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NDP push to have travelling public hearings on Conservative elections changes

OTTAWA — New Democrats are accusing the governing Conservatives of trying to rig Canada’s election rules while clouding criticism of the proposed changes as just another battle in the Ottawa bubble.

The NDP, backed by the Liberals, wants a House of Commons committee to hold hearings across the country on proposed changes to the Elections Act.

NDP deputy leader David Christopherson has introduced a motion that would instruct the Conservative-dominated committee to take the hearings on the road and complete them by May 1.

Christopherson says the government is resisting the idea because it wants to make the fight over election rules just another “battle in the bubble” that Canadians can easily tune out.

Pierre Poilievre, the minister for democratic reform, spoke to the bill’s merits in the House but did not say why travelling committee hearings were a bad idea.

Poilievre said the committee can invite testimony and put together a long list of what he called the best experts in the field.

But Christopherson argues Canadians deserve to have a say on how their elections are conducted and should be able to make their opinions known in their home regions.

The major overhaul of elections rules by the Harper government was drafted without the usual opposition consultations or formal input from Elections Canada, the watchdog that oversees election fairness.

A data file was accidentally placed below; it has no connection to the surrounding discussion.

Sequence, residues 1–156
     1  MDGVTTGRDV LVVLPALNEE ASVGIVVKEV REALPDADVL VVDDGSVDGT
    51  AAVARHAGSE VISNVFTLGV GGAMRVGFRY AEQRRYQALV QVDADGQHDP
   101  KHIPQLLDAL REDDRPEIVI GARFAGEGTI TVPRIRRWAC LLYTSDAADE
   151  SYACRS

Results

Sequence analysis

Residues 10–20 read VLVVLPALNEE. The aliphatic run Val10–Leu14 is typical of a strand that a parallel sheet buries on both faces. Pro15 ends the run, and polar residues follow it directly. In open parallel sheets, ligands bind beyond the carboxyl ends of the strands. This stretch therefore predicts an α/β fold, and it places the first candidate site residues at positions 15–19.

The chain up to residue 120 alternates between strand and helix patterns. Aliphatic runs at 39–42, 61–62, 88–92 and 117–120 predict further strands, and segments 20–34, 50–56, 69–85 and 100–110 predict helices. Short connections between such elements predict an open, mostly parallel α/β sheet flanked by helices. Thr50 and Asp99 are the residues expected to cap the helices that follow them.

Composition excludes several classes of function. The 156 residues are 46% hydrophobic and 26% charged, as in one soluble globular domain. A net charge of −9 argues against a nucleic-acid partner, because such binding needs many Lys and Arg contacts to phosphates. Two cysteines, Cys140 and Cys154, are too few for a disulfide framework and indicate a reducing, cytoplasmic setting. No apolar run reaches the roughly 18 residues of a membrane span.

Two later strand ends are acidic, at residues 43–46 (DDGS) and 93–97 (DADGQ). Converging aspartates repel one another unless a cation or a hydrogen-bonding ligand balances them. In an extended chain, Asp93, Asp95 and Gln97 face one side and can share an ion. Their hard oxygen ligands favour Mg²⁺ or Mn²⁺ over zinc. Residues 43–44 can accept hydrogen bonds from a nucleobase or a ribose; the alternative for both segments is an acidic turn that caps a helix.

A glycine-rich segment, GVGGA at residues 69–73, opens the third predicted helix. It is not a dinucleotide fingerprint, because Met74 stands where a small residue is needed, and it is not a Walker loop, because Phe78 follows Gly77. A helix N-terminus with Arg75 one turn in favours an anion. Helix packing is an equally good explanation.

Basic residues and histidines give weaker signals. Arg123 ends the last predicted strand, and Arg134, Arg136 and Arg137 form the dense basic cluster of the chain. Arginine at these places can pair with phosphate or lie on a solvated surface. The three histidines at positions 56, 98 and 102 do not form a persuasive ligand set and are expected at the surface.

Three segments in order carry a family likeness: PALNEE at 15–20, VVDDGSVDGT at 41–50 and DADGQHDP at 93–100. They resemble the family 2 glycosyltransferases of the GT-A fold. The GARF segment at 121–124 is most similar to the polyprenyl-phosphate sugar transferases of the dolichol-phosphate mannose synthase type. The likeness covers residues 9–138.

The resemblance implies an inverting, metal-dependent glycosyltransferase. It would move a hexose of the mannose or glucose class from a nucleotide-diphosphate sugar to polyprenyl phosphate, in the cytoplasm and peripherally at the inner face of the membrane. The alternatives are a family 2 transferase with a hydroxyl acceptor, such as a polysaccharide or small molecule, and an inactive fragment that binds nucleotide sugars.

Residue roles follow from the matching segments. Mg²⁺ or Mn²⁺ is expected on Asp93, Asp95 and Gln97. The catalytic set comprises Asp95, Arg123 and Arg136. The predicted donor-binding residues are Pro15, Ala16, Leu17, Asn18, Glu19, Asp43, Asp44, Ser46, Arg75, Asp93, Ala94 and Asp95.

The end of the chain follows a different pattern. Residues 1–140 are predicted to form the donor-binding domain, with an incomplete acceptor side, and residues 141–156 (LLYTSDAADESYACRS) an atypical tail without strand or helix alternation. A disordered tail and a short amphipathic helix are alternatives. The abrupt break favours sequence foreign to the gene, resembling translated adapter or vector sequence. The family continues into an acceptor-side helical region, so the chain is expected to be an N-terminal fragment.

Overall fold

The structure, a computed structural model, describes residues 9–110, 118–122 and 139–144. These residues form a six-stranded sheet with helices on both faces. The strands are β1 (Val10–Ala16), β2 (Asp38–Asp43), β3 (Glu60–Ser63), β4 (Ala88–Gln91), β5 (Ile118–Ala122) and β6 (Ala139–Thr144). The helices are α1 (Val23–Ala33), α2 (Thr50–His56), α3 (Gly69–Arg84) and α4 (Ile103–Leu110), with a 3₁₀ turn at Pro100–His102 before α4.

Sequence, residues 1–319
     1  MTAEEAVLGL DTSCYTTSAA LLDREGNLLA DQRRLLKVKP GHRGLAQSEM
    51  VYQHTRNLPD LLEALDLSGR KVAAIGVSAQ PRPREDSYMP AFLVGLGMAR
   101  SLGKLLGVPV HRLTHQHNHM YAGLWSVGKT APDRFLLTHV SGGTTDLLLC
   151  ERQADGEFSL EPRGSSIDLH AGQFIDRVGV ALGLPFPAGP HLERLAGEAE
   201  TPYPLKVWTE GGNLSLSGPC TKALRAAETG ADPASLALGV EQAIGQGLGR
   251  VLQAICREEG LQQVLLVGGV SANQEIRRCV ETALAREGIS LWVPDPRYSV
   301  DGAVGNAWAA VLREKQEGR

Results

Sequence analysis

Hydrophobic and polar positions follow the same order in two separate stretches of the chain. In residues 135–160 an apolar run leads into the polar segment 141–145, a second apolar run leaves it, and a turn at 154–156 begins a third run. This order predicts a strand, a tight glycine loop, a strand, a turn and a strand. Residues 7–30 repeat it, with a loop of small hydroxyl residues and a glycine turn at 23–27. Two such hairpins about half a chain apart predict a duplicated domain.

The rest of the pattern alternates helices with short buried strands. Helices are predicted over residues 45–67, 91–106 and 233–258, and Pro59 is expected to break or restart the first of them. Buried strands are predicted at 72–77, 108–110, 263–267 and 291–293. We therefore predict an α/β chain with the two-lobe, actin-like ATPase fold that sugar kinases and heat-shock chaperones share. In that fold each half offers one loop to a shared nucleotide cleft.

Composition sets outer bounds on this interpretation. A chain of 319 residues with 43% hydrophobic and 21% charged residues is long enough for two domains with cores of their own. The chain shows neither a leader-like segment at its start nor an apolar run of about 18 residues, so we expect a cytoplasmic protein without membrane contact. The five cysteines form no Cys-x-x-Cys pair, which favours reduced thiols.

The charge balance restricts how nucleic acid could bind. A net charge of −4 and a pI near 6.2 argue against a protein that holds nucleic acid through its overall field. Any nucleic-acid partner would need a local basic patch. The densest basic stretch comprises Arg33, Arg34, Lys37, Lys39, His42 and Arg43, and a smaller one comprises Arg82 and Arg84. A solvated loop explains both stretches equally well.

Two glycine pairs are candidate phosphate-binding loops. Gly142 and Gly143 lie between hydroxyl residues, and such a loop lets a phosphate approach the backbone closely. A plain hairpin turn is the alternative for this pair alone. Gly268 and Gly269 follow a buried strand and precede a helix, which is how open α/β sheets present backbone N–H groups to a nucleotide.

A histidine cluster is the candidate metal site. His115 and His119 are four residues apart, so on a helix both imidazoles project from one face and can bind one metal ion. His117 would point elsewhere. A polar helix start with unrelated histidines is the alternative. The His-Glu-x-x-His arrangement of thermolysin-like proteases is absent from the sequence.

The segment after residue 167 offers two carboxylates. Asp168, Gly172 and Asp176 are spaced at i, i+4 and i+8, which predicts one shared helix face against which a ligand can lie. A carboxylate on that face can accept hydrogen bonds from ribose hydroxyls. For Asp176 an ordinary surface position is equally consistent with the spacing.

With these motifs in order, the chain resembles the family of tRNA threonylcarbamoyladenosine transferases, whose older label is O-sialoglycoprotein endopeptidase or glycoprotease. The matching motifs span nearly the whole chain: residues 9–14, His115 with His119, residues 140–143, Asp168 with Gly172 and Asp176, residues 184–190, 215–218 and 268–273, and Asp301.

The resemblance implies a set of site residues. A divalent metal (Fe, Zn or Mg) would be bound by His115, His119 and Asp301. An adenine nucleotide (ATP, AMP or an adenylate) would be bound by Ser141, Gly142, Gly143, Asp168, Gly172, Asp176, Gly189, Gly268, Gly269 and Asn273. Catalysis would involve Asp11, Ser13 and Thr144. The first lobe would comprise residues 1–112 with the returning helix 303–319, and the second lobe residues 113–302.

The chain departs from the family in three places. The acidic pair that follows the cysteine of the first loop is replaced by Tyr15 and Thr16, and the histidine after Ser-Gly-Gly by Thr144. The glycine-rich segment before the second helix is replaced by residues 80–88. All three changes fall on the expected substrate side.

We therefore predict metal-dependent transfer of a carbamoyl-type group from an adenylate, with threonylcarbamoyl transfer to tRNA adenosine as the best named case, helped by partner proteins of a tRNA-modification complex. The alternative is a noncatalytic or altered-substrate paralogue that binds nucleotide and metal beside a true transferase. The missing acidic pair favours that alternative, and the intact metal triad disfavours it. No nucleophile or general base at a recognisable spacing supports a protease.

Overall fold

Kevin Lamoureux, a Liberal MP who sits on the committee that will examine the legislation, called the way it was drafted “an absolute and total disgrace.”

However Conservative MP Michelle Rempel responded that the move to hold hearings on electoral reform outside Ottawa “seems like a big delaying tactic.”

The legislative overhaul was scheduled to be introduced in Parliament last April but was pulled at the last minute after Conservative MPs privately objected to some of the proposed provisions.

The bill finally tabled Feb. 4 effectively splits Elections Canada in two by putting its investigative powers in a separate office.

While placing new restrictions on automated robocalls during campaigns, the bill does not give Elections Canada the added investigative powers it was seeking to get to the bottom of the widespread fraudulent phone campaign of the 2011 election.

It also restricts the chief electoral officer from communicating with Canadians and effectively increases the amount parties will be able to spend during campaigns.

Chief Electoral Officer Marc Mayrand has questioned the proposed changes, fearing they will undermine Elections Canada’s efforts to encourage all Canadians to cast a ballot.



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